Other Potential Problems

People know bread is mostly filler but there are implications which are less understood as they apply to dogs. You don’t want to feed them too much because it can expand the stomach which may alter their digestive system for the worse. Finally, feeding bread too often can create a bad habit longer term. This is the case with most foods but a bread dependency in particular is a recipe for an unhealthy and overweight dog.

Some types of breads contain raisins and/or nuts. Serving such a food may seriously poison the family dog since raisins are toxic for them!

When It’s Appropriate

Homemade breads are more wholesome, healthier and much more preferable to any kind that can be purchased at the stores. Regardless of the type of bread, only small portions are advisable as an occasional treat. It’s true that some owners give their dogs bread to ease discomfort when they are showing signs of constipation. This may help but there are better options for a constipated dog. In all other scenarios, there’s really no valid reason to provide this food on any kind of regular basis.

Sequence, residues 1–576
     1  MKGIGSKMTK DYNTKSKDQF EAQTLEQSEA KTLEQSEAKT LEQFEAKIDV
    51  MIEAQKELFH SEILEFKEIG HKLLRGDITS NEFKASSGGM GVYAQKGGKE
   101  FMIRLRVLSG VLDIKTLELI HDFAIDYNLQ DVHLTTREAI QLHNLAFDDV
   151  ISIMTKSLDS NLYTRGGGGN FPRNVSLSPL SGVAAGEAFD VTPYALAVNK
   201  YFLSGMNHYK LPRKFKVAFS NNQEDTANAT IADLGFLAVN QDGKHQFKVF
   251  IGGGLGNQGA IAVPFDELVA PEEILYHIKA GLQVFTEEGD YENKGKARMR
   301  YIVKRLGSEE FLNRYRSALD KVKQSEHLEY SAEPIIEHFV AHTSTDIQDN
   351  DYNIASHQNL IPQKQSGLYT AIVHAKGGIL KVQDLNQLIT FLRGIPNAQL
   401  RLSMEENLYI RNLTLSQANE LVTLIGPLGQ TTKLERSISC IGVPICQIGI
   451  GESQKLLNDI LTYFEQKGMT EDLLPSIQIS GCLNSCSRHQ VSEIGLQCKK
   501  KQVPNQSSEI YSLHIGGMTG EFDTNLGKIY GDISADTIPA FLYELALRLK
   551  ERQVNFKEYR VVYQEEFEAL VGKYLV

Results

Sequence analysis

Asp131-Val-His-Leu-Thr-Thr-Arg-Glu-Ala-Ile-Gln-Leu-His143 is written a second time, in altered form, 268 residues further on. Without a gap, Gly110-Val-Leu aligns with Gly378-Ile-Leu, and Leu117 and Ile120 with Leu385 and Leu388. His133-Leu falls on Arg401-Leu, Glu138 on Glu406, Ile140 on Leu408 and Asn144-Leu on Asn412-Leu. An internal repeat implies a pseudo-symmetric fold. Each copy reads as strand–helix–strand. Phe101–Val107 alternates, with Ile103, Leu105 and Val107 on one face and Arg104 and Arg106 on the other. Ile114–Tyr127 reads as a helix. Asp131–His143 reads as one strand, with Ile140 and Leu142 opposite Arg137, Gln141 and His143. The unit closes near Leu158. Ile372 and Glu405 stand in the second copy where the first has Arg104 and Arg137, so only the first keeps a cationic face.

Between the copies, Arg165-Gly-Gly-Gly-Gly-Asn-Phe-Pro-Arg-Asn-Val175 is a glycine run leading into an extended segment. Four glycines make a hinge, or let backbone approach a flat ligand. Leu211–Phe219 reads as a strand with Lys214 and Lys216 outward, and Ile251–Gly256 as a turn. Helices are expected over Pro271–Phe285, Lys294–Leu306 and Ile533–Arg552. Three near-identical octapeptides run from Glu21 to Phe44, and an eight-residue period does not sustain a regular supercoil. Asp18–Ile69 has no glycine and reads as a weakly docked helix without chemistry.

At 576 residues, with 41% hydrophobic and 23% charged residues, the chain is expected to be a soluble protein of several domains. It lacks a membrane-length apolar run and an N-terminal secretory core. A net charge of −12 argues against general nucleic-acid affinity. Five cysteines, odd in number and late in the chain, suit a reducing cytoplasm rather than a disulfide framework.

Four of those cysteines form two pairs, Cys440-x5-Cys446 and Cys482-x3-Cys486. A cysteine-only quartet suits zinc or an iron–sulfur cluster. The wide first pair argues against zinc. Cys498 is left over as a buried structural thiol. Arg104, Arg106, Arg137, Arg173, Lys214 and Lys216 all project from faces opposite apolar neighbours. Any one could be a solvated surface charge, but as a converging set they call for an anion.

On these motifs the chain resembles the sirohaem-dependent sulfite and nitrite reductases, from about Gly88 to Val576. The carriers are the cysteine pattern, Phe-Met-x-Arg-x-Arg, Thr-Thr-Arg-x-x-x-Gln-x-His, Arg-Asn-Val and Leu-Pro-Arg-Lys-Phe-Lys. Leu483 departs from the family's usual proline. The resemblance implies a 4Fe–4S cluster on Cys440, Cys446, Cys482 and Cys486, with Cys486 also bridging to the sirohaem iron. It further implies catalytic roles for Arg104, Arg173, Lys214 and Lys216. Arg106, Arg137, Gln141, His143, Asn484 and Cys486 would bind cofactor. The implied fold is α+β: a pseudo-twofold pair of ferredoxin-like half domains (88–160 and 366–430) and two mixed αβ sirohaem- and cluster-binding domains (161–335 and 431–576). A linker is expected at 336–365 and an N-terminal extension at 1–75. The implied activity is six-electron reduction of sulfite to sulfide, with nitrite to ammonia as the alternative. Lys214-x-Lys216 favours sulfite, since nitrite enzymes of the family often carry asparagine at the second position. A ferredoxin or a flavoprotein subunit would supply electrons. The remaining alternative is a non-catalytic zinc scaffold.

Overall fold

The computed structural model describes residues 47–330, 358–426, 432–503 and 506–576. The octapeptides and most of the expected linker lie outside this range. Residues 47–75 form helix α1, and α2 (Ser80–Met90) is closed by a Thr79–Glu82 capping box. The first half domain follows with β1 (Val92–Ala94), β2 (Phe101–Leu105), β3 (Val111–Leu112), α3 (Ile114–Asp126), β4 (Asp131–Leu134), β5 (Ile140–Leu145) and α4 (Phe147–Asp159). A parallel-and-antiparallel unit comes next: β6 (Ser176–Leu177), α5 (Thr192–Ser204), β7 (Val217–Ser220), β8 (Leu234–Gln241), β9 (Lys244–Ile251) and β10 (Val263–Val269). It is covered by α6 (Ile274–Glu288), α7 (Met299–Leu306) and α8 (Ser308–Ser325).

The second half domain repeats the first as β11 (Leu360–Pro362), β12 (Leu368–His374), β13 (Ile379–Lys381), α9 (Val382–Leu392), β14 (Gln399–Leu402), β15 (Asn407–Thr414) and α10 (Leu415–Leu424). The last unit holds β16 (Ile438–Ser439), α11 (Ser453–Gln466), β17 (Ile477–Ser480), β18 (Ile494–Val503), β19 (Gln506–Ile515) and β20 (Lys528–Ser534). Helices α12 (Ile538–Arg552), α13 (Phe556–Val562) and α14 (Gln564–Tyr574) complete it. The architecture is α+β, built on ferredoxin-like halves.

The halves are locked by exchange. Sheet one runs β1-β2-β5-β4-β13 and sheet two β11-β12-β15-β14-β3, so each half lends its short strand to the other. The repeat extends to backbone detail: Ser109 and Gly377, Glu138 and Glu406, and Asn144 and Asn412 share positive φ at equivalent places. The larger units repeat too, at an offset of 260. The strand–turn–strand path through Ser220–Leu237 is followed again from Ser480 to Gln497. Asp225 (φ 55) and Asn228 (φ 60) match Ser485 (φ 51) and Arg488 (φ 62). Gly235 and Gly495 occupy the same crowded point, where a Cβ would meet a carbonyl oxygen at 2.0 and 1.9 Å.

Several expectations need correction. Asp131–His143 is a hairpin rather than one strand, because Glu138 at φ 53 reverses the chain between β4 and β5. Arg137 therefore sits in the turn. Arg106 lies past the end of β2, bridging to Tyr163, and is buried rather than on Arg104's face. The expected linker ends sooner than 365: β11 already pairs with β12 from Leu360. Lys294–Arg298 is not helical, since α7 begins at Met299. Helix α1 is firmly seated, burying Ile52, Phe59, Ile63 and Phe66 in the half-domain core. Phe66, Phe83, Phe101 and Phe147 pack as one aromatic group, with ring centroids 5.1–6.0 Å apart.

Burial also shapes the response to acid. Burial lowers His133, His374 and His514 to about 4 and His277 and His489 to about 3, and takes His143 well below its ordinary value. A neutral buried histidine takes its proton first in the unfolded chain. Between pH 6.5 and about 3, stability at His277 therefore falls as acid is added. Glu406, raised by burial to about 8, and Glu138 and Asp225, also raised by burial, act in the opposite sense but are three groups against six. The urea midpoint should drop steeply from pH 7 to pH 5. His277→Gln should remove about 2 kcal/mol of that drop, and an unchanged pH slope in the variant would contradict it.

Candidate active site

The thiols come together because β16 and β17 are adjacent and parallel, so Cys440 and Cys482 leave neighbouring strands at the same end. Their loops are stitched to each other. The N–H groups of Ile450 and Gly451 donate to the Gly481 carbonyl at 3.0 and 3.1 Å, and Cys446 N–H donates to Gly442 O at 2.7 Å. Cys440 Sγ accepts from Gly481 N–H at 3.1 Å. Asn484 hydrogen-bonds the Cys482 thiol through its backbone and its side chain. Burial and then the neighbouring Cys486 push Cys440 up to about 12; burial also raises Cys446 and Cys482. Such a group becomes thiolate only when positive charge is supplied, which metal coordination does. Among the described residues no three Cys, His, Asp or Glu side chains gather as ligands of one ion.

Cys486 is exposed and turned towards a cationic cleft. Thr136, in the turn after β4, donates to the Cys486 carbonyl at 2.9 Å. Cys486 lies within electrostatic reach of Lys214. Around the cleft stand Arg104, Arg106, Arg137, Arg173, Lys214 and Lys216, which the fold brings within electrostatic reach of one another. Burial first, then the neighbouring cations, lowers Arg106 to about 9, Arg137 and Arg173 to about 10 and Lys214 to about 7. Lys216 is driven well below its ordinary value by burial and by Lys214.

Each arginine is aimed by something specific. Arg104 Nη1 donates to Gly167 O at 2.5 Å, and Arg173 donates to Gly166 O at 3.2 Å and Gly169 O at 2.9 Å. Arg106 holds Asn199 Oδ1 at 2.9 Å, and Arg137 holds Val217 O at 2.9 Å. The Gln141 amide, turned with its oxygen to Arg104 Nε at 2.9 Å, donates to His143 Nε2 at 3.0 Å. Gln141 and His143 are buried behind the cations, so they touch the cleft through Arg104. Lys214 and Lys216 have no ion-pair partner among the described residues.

What About The Fiber

Quite simply, humans can get small amounts of nutrients from their daily bread but dogs should not partake. The fact that it may be a good source of dietary fiber does not outweigh the many downsides. If you want to supplement your dog’s diet look to chickpeas, oatmeal or something like pumpkin instead. Such foods are far better options for obtaining similar types of nutrients.

Conclusion on Giving Bread